DxO ONE $499

Camera enhances iPhone technology

Thanks to advances in smartphone camera technology, anyone can take a decent photo. But is decent good enough? A San Francisco company is banking on the answer to that question being “no.”

DxO, which started out as an image-processing software company, has developed a gadget called the DxO One that essentially replaces the camera built into the iPhone.

With an image sensor as large as those typically found in high-end DSLR cameras but in a body that’s smaller than a point-and-shoot, the One promises the best of all worlds — a miniature camera that’s tied to a smartphone but offers much better pictures.

The One is only slightly trickier than using the iPhone camera because you need to plug it into the phone using the built-in Lightning connector (and it’s a bit touchy).

The One has a 1-inch image sensor, significantly larger than the iPhone’s and equal in size to those in many pricier digital cameras.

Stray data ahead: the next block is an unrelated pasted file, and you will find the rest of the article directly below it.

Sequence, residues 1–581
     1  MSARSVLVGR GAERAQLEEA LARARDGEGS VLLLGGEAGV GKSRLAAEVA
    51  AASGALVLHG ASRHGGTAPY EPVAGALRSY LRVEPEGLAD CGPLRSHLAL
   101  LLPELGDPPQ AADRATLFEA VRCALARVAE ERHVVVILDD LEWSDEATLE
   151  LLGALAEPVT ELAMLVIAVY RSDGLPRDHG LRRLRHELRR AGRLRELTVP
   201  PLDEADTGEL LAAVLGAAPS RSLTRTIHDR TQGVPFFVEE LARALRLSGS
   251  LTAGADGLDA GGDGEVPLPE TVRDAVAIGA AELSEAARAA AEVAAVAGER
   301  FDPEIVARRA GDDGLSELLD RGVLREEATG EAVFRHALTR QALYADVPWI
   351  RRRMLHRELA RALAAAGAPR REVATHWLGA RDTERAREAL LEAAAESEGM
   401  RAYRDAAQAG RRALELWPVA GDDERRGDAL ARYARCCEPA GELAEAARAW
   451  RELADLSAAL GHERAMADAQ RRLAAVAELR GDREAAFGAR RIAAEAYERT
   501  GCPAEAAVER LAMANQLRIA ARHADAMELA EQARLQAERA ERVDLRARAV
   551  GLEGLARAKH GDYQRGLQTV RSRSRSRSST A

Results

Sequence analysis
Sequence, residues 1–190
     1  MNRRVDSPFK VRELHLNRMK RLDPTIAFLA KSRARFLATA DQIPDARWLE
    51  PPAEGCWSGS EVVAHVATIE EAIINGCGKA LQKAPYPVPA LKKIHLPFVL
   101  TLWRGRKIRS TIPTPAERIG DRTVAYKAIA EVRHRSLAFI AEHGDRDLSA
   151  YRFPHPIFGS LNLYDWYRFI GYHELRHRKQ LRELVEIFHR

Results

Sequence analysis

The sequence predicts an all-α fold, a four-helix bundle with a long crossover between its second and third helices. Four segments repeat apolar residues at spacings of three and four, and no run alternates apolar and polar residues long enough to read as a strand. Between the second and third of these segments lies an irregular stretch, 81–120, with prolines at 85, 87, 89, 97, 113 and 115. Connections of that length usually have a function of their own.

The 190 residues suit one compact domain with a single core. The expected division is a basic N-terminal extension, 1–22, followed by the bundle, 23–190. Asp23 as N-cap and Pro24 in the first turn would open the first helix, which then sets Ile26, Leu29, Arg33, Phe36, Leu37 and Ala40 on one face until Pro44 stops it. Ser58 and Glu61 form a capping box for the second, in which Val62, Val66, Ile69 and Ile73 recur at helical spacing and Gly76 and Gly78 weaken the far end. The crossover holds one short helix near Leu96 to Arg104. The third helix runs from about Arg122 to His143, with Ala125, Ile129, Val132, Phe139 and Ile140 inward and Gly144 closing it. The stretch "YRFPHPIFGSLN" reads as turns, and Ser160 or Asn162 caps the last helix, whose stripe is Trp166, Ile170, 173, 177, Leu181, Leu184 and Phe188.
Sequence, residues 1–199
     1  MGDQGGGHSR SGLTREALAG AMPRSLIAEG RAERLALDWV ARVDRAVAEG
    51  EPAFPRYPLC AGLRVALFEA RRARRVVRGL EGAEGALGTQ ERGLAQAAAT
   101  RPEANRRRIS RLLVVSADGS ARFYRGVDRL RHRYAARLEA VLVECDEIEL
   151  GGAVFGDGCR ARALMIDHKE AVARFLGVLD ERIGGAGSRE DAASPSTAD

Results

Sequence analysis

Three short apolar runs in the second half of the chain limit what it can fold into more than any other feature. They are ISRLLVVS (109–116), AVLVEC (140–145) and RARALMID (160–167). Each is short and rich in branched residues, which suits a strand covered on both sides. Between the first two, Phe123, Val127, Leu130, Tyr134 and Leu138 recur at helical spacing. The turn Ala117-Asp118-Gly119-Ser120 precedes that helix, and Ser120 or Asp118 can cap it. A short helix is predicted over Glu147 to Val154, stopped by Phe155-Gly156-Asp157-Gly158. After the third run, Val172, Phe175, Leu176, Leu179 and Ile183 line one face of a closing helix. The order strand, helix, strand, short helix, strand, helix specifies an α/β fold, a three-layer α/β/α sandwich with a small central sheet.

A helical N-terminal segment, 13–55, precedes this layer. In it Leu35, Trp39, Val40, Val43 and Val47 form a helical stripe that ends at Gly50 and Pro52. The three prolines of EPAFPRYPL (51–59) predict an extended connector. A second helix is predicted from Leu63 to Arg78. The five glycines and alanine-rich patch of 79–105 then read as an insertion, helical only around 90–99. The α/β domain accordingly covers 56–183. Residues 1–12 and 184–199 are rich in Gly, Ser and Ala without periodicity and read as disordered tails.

The size is important because the larger the image sensor, the more light it can gather at once and, typically, the sharper the images it can produce.

With nearly three times the megapixels of the iPhone 6 and nearly double those of the iPhone 7, it also delivers images better able to maintain detail when greatly enlarged, or when the image is cropped to a relatively small area.

In the product test, the One did a good job of keeping a woman on a bike ride in focus and also showed brighter, bolder colors than the iPhone in wide-angle shots. In very low light, the iPhone 7 excelled over the One.

While the One performed very well, it wasn’t perfect. You are supposed to be able to use the One as a stand-alone camera as well, but that seemed impractical because the viewfinder screen on the device is the size of a postage stamp and shows a black and white view. Using the smartphone display makes taking photos much easier.

Another concern, beyond cost, is that DxO’s customer support needs some work.

Even setting those aside, DxO has a tough row to hoe, because sales of nonsmartphone cameras have collapsed. For DxO’s gamble to pay off, consumers must be willing to shell out $500 for improved photo powers and also be willing to tote around another gadget at a time when many have come to appreciate one device that, more or less, does it all.

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